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Re: [xmca] Peter Smagorinsky on concepts
Hello Huw, Andy
I'd use 'generate' rather than 'works' - and I wouldn't use 'mirror'. The
two domains ( of the thought experiment and that of actuality in praxis
,living) are relate not through 'complete description of particulars of
actuality' (we cannot fully capture all detail of living) corroborating
some image 'mirrored' -; but the relation is through 'operational
coherences' ( to use Maturana's expression) of praxis of living , or
'criterion of acceptability' that we use in listening to accounts in our
'languaging' in conversations about experience. Just to say that this does
not reduce to the domain of our physiological living, actuality is
experienced 'in between'.
Second on systems: I find helpful that 'system' as notion is in our
'thought experiment domain' , not existing 'in the world' , so I'm confused
trying to interpret
"All systems comprise of material relations".
I am distinguishing a 'static' use of system , where to talk of parts and
whole is not a dynamic analysis ; and a relational use - where relations
afford identity ( not parts ). Is the identify affording capacity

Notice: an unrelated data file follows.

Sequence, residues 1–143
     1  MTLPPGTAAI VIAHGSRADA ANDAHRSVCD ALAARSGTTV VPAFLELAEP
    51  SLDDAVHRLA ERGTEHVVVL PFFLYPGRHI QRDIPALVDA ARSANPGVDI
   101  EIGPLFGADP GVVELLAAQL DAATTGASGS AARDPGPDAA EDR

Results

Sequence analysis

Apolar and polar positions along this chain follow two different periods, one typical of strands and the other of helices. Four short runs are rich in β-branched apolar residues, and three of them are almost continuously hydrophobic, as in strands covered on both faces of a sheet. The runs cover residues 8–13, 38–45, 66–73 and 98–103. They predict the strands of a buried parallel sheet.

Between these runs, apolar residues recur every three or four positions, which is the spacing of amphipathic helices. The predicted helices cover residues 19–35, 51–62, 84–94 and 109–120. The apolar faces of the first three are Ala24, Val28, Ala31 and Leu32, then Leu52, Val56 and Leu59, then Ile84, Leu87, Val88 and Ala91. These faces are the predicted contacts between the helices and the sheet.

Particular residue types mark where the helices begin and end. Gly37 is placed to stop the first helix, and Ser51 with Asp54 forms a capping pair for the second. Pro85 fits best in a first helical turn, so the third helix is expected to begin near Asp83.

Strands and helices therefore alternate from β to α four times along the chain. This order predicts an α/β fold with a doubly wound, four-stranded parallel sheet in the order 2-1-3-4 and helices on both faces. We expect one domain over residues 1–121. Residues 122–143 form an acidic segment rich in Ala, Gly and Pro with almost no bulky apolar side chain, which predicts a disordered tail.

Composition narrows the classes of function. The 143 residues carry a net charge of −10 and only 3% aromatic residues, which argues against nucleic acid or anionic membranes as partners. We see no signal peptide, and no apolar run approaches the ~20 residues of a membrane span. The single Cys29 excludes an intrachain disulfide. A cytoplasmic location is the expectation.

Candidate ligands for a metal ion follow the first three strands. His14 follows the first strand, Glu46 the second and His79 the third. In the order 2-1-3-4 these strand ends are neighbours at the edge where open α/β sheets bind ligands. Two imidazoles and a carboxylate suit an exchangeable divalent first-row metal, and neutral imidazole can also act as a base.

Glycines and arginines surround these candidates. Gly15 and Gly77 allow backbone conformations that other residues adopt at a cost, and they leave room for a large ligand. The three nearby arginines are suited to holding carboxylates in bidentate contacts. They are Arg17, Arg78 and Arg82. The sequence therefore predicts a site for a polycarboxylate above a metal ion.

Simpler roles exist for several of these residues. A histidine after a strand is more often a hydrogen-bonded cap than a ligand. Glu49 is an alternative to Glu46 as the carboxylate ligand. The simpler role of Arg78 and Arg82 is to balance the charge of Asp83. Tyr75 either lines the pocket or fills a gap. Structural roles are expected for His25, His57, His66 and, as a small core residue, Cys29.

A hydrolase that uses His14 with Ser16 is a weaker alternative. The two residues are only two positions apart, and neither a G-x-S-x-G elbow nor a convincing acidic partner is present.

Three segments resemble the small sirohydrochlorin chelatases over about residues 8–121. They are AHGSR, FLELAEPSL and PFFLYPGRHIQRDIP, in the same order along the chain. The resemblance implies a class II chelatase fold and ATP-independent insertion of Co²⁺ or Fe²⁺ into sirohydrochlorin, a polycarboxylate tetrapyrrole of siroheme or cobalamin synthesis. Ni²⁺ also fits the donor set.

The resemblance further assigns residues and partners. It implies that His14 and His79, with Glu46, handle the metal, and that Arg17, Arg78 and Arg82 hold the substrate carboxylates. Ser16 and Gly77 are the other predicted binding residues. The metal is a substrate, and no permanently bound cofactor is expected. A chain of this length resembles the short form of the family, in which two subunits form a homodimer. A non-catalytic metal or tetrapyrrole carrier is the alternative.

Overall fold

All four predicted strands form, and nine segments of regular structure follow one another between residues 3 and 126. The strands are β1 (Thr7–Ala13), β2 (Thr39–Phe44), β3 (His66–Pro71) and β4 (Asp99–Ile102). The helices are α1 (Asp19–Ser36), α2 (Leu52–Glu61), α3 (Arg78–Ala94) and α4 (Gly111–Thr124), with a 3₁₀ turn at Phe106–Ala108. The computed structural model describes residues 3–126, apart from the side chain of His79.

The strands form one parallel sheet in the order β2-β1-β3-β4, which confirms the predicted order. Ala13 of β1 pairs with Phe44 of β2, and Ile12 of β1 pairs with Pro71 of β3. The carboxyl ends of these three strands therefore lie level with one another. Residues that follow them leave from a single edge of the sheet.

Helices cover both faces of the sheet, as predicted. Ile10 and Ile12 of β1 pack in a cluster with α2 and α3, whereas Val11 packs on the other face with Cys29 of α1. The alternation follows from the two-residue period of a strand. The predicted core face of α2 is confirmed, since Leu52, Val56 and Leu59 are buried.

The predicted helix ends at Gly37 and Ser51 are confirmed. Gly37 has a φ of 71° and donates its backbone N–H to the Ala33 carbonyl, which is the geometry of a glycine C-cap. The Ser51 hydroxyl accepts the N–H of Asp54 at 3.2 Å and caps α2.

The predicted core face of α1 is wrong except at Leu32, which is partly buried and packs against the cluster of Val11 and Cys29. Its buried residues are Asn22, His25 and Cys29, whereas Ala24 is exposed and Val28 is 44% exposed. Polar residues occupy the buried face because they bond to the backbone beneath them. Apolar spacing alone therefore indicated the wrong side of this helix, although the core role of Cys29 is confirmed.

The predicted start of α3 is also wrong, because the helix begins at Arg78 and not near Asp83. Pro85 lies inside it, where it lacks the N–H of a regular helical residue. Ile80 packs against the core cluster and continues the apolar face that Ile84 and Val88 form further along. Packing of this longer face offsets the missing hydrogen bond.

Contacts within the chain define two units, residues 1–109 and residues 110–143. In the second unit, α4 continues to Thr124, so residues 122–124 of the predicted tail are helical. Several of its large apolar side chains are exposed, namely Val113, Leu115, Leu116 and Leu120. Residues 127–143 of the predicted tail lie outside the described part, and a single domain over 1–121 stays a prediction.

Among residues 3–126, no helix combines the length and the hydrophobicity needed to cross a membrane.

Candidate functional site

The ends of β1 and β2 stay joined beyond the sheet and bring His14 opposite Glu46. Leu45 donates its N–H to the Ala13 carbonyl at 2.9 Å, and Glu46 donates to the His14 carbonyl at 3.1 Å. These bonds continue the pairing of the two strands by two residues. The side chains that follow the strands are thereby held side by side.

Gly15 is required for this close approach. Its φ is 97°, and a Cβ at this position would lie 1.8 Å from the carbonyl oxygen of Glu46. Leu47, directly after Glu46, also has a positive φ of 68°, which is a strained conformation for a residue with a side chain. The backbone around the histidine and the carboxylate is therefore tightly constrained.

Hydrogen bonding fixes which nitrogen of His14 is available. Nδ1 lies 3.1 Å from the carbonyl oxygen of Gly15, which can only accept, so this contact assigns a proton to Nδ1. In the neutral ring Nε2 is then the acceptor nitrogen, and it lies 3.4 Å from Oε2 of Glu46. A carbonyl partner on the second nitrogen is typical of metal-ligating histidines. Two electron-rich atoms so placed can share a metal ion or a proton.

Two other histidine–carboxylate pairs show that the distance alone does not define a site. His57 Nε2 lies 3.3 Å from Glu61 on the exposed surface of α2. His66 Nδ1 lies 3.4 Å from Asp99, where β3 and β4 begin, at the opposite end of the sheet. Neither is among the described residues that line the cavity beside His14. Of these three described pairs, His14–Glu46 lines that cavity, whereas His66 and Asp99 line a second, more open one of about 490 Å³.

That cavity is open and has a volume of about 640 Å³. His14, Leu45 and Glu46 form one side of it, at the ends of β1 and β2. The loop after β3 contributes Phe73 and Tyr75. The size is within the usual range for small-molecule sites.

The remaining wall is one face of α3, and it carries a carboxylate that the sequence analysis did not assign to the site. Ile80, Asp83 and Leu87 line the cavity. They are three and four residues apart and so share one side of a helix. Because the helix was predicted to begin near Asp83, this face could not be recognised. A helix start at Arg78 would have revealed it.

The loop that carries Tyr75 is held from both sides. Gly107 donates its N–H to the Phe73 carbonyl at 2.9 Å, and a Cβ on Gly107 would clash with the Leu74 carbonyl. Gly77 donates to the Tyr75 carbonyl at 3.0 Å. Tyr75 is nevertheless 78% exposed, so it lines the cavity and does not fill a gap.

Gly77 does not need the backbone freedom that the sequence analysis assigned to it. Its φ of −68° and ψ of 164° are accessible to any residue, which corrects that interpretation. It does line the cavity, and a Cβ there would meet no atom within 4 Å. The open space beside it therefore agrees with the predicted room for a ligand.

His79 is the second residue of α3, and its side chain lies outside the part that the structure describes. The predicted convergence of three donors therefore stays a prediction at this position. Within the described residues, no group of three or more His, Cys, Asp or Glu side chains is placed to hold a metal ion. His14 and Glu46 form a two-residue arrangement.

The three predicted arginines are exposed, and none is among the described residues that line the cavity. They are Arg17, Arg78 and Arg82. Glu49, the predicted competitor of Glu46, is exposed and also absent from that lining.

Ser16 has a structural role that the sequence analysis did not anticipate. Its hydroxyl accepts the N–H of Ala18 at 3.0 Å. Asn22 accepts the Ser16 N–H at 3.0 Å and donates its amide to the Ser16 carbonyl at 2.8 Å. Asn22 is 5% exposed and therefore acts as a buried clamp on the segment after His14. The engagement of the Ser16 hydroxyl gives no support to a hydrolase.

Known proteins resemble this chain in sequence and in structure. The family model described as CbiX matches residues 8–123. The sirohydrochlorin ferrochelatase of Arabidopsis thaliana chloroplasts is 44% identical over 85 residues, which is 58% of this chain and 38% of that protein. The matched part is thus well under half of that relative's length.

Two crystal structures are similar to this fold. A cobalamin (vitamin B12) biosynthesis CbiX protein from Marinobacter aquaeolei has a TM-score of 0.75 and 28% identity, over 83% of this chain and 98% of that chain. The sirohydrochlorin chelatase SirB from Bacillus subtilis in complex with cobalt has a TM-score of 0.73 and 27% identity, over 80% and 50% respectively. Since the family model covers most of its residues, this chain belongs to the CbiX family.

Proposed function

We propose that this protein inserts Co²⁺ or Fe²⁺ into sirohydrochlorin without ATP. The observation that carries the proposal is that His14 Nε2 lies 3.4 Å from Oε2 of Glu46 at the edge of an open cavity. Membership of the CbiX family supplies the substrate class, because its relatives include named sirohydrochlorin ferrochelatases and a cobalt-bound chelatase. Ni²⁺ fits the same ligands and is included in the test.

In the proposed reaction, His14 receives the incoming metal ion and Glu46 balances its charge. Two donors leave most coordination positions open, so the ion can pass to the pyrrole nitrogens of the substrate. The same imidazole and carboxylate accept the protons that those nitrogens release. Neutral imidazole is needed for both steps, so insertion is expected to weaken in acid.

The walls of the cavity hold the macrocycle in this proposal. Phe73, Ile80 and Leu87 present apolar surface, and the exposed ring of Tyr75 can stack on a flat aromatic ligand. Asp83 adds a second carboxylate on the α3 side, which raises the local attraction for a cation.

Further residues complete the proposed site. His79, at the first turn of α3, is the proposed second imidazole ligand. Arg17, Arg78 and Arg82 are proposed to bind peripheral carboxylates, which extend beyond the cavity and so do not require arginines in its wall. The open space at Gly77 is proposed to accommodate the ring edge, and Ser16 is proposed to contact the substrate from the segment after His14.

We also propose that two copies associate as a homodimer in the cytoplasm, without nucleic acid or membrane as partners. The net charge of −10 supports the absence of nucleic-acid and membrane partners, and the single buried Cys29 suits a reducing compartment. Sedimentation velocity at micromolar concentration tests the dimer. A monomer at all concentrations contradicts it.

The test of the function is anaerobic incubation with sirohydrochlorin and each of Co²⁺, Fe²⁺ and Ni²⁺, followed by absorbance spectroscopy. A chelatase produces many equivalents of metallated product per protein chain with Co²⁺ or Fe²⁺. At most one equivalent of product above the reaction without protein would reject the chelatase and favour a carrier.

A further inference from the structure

'material' in your sense?
Apologies for the interruption both..
Relevant Maturana paper:
On Thu, Jan 19, 2012 at 11:49 AM, Huw Lloyd <firstname.lastname@example.org>wrote:
> On 19 January 2012 11:33, Andy Blunden <email@example.com> wrote:
> > Mmmm, hard to keep track of whatever it was we disagreed about here, Huw,
> > but my reaction to what you say would be that an abstract concept also
> > mirrors reality, but in a different way. The task of the thinker is to
> > "reconstruct the real in thought" and that begins from an abstraction
> > best encapsulates the whole Gestalt, but lacks concreteness, and must
> > therefore mark the beginning point of a mental reconstruction of the
> > Yes?
> > Andy
> The abstract system, in the sense portrayed by Marx, could not be
> implemented. It would not work. It would not be a system in its own
> Thought inheres within a material system. One is never outside
> materiality. Although the system of thought allows us to mentally
> construct pseudo systems that would not work if implemented.
> I think there can be value in beginning with abstractions (in this sense),
> although Marx in the passage quoted seemed against it.
> > Huw Lloyd wrote:
> >> My understanding is that a concrete conception, as referred to here, by
> >> Marx, refers to conceptions that authentically mirror the concrete, the
> >> material, the phenomena.
> >> All systems comprise of material relations.
> >> I refer to material here because this is directly related to structure.
> >> Concrete is not merely a concentration of abstractions, it is a
> >> concentration that mirrors the phenomena of interest in the concrete
> >> Alternatively if we were to implement our concrete conceptions we would
> >> also have a concrete system.
> >> Huw
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